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When it comes to World Cup preparation, England have been meticulous. With an eye on every detail, from team psychology to adjusting to the heat of a desert climate, Gareth Southgate’s team have left no stone unturned. Except one: they’ve picked the same goal music as Switzerland and Poland.

For some traditional football fans, that blast of music over the PA system that follows a goal is anathema. At the World Cup it’s all part of the entertainment, with the organiser, Fifa, having requested a song from each of the 32 competing nations that might best capture the joy of scoring.

The Guardian has obtained the list of the nominated tracks and it showcases commercial pop music from every corner of the globe; from Canada’s choice of native superstar Drake and his Going Bad to the devotional music of Tunisia’s selection, Muhammed by Adnan Dogru, the Balkan reggaeton of Serbia’s selection Preko Sveta by Rasta. England have chosen fan favourite Freed From Desire, a 1997 hit for the Italian singer Gala. The only problem is that the song is so popular the Poles and Swiss have selected it too.

The Three Lions have had occasion to play their goal music half a dozen times so far, while Switzerland have yet to kick off their tournament and the Poles were held to a 0-0 draw by Mexico, whose chosen piece is La Negra by La Hija Del Mariachi. While England have named a backup goal jingle, however – Dua Lipa’s One Kiss – the other two countries have not.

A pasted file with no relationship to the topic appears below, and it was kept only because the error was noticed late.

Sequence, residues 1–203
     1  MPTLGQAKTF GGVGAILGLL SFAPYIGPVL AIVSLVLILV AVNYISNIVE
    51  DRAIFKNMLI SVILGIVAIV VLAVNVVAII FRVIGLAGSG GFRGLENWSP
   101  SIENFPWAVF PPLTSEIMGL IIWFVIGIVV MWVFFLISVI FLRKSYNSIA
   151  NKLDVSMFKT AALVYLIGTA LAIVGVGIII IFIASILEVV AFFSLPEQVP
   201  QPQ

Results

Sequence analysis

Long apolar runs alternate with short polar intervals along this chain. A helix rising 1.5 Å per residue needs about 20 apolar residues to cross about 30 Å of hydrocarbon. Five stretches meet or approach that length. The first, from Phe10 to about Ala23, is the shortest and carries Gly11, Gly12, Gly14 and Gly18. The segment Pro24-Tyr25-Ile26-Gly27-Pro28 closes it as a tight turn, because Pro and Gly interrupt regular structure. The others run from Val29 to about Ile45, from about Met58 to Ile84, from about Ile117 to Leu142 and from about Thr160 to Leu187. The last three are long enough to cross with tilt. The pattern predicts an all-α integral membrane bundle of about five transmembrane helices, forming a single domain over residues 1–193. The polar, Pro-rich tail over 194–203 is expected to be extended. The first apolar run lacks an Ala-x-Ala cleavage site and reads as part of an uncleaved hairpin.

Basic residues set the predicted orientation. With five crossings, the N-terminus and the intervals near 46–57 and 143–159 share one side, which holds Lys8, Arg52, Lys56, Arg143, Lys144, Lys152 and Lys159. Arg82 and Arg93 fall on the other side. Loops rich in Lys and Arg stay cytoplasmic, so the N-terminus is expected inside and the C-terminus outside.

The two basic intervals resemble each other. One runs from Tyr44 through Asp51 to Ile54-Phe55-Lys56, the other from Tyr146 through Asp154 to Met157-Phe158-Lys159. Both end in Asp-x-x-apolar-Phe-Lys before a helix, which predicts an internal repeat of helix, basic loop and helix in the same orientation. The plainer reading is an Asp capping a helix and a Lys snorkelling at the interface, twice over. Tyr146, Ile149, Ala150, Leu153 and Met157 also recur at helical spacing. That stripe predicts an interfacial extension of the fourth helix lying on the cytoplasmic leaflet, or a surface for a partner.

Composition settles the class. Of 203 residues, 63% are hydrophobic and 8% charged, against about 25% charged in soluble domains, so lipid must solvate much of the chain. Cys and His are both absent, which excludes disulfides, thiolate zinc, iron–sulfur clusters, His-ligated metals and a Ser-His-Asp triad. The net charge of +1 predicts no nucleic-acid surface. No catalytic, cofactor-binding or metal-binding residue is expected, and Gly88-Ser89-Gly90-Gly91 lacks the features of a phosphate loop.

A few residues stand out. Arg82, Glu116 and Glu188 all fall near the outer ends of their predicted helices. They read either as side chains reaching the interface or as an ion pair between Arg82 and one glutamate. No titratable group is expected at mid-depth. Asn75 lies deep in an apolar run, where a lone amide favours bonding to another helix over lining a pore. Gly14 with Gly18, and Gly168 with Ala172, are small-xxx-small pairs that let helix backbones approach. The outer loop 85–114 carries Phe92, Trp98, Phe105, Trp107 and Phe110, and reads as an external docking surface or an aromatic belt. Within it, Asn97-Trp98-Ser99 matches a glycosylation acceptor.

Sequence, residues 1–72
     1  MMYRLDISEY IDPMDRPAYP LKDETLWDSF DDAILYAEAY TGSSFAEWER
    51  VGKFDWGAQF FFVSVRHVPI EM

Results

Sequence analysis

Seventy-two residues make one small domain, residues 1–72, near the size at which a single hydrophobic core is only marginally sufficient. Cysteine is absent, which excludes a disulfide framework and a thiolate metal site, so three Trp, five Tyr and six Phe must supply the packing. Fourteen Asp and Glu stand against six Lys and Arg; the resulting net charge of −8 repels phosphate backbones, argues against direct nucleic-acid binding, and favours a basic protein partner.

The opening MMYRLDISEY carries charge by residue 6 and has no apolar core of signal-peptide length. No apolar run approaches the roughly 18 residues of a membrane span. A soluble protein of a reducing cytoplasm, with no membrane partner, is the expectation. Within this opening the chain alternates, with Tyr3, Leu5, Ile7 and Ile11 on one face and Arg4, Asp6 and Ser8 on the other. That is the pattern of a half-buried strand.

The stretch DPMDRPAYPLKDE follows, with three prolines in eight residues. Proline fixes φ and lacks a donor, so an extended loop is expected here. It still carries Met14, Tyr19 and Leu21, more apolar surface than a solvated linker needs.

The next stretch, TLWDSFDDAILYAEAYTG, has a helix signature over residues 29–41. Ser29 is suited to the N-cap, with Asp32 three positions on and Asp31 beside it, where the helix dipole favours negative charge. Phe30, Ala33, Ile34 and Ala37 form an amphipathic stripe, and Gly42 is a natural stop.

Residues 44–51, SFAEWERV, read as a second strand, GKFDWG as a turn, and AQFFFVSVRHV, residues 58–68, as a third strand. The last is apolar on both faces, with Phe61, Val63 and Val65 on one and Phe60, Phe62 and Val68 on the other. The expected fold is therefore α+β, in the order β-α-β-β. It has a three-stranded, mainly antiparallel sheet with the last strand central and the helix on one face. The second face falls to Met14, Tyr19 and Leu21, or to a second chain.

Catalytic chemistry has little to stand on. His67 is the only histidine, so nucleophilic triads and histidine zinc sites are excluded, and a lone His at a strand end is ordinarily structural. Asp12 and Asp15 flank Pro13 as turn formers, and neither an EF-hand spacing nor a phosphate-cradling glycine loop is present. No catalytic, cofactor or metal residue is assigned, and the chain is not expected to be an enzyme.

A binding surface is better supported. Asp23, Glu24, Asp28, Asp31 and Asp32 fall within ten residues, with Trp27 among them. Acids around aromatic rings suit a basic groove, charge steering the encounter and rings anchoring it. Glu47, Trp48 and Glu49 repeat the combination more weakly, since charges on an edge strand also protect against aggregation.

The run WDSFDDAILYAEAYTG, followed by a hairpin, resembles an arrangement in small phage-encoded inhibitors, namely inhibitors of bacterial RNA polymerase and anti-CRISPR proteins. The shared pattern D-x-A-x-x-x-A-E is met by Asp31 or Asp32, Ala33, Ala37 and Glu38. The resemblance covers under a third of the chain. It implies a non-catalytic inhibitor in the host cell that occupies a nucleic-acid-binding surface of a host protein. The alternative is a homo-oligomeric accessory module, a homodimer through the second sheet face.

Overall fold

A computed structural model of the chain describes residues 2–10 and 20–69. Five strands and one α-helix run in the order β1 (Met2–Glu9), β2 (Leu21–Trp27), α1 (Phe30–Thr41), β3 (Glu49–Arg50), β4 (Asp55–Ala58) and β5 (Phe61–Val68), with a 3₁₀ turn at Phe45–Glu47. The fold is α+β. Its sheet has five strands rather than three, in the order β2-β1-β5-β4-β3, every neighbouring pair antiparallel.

A clash of goal “stings”, as Fifa calls them, will not be the biggest controversy at the World Cup, but music is certainly playing a central role in the tournament. The official song of Qatar 22, Hayya Hayya (Better Together), brings pop stars from three continents together. The US R&B singer Trinidad Cardona, the Afrobeats icon Davido and the Qatari star Aisha share verses on a song articulating a message of global friendship, one of the organisers’ key themes.

In case Asian fans felt neglected at all, Fifa flew in the K-pop sensation Jung Kook of BTS to perform at the opening ceremony in Doha last weekend. The governing body also claimed a first when they launched an official World Cup playlist on Spotify under the artist name Fifa Sound. Not to miss out, sponsors Budweiser have released their own World Cup song too, a cover of Tears For Fears’ 80s anthem Everybody Wants to Rule the World, performed by the rapper Lil Baby. It has been less commonly heard in Doha than Hayya Hayya.

In another first, live music has also been integrated into the tournament in an attempt, in Fifa’s words, to “reimagine” the fan experience. The Fifa Fan Festival, a 40,000 capacity concrete park in Doha’s West Bay, mixes live screenings of every match with a crowd-pumping MC and a series of live acts, again selected from all over the world. There is a beach festival too, with big name DJs, which fans can pay to access, or get in free if they stay in one of the £175-a-night tent villages.

The idea of the World Cup as one big party has never been so deliberately cultivated, but football and music have a long history together going back to the days of New Order and John Barnes, or the less artistically relevant 1970 single by England’s World Cup squad, Back Home. The extension of the World Cup experience also reveals an underlying truth, however; that football’s power brokers see a world in which their sport becomes just another strand of consumer entertainment, and they want to make sure they’re ready.